The number of connected mobile devices in 2015 was 7.9 billion, more than the world population. This means that each person on the planet has more than one mobile device, on an average, and the figure is expected to grow – it is estimated that there will be 11.6 billion connected mobile devices by 2020. The total world population for that year is projected to be only 7.58 billion. The number of mobile-only internet users is already more than that of PC-only internet users, as of 2015.

All these figures point to an increased preference for mobile devices when accessing the internet.

Responsive web design

Mobile devices have varying screen sizes, so it would be extremely hard to develop websites separately for each screen size. This is where Responsive Web Design is changing the user experience for mobile internet users. All you need to do is have one site that is Responsive Web Design-ready and you are good to go.

How exactly does Responsive Web Design work?

When a browser or app on a mobile device requests access to a Responsive Web Design-ready page, the display capabilities of the device (this includes things like resolution and aspect ratio of the screen) are also mentioned along with the request. Responsive Web Design makes use of Cascading Style Sheets or CSS to ensure that the elements on the page are ‘optimized’ for that particular mobile device. For instance, if there is an image, it is resized without altering its original aspect ratio. Blocks of text are also resized in such a way that they don’t appear ‘cut’ or cause the user to swipe horizontally to see the remainder of the text. If there is a video, its resolution is also adjusted accordingly.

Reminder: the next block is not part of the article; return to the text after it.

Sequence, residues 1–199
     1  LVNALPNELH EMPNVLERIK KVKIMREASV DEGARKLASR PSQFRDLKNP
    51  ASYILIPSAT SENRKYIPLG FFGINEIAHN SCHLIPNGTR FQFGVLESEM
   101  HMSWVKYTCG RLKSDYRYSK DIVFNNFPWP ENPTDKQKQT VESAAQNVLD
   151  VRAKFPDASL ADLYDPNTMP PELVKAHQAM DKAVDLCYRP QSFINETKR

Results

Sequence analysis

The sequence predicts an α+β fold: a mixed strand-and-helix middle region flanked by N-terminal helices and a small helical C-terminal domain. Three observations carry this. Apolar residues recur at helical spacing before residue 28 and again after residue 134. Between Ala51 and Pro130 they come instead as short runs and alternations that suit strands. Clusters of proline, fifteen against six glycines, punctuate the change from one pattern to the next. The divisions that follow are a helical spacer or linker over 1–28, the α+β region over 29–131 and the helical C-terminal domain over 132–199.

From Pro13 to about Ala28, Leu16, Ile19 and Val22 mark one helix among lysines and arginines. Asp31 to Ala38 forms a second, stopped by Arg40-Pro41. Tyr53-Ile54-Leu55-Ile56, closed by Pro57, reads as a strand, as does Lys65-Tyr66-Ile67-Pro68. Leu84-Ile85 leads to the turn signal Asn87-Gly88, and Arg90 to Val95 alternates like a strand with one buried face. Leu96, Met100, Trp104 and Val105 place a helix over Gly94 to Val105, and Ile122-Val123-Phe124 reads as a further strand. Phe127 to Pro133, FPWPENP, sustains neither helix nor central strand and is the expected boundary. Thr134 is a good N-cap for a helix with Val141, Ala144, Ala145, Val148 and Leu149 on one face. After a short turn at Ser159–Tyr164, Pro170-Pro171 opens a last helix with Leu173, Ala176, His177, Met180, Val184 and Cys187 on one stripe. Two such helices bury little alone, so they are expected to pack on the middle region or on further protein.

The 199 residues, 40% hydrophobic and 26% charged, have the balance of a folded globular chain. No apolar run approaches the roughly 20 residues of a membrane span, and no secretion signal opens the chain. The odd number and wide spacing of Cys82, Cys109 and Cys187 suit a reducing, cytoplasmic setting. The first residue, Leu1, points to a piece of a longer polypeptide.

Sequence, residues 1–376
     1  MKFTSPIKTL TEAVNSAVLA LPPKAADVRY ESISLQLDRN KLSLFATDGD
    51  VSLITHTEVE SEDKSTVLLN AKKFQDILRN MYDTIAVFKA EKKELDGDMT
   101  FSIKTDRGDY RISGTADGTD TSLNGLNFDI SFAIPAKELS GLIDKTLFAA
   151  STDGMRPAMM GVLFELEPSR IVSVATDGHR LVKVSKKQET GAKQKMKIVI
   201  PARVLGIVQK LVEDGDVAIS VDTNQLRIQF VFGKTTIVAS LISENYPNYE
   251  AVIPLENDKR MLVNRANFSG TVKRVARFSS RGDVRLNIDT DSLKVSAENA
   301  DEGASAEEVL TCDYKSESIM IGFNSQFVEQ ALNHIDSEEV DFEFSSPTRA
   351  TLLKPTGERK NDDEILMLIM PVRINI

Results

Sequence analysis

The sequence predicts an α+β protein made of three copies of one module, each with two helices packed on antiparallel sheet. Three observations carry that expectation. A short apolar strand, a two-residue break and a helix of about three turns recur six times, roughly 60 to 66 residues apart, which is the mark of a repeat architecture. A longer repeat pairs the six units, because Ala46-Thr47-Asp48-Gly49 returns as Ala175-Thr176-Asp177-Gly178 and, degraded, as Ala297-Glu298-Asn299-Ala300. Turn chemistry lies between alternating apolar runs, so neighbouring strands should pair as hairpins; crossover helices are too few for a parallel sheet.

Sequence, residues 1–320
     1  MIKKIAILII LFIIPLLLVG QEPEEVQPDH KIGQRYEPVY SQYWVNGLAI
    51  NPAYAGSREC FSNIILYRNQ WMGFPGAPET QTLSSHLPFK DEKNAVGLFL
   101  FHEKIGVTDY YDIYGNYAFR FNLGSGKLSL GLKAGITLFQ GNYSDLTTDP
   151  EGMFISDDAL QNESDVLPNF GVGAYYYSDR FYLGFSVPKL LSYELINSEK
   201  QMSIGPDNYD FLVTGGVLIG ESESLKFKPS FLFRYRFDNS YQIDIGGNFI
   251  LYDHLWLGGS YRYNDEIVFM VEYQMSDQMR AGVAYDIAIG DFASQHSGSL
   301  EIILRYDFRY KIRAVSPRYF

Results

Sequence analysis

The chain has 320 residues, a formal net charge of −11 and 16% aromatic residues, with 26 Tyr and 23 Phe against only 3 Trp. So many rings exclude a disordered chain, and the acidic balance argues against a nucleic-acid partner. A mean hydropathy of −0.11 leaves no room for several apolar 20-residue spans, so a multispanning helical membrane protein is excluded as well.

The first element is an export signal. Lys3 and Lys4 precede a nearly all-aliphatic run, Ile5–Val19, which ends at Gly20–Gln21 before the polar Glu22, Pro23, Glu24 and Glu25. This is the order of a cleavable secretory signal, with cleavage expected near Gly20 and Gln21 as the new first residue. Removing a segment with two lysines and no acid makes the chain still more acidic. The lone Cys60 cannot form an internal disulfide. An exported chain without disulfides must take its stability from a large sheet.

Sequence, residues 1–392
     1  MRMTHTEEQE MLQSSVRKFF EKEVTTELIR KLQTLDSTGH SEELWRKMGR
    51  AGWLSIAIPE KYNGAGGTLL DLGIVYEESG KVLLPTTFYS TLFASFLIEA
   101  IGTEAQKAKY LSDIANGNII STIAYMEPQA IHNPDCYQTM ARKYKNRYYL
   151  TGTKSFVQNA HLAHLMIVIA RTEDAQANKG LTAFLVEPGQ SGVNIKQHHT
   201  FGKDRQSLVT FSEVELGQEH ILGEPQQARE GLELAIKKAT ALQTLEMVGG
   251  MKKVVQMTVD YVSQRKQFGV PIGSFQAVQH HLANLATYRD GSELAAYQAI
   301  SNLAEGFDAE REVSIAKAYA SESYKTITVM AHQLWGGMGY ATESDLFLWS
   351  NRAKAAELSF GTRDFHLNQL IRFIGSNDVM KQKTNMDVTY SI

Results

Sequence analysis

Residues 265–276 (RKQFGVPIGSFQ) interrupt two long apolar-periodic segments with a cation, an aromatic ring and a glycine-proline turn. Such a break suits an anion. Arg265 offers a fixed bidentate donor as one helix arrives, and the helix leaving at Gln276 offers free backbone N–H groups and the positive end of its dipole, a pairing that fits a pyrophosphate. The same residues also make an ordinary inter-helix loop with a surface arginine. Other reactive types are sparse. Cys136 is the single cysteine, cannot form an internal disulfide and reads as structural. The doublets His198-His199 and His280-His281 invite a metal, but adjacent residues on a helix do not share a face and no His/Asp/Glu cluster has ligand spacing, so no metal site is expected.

For images, it is not just the size. There are high-resolution mobile devices as well as ones that have low-resolution. If a device is capable of only displaying low-resolution images, then only the image of the highest resolution that can be displayed properly on that particular mobile device’s screen is sent when the web page access request is granted. This also optimizes bandwidth usage, as high-resolution images are larger in size and might take longer to load. When users don’t have to wait too long for a high-resolution image which can be displayed only in low-resolution to download, it is also great for improving the overall user experience. 

Not all fonts may be displayed correctly on all mobile browsers if the font hasn’t been previously been downloaded and stored. This was a problem even with PC-based browsers, and with Responsive Web Design, the fonts are also downloaded along with the page, so they are displayed just the way they were intended to be.

Responsive Web Design doesn’t restrict itself to mobile device screens. It also lends itself to desktop and laptop screens, which too may have varying screen sizes ranging from 11 inches to 15 inches or greater.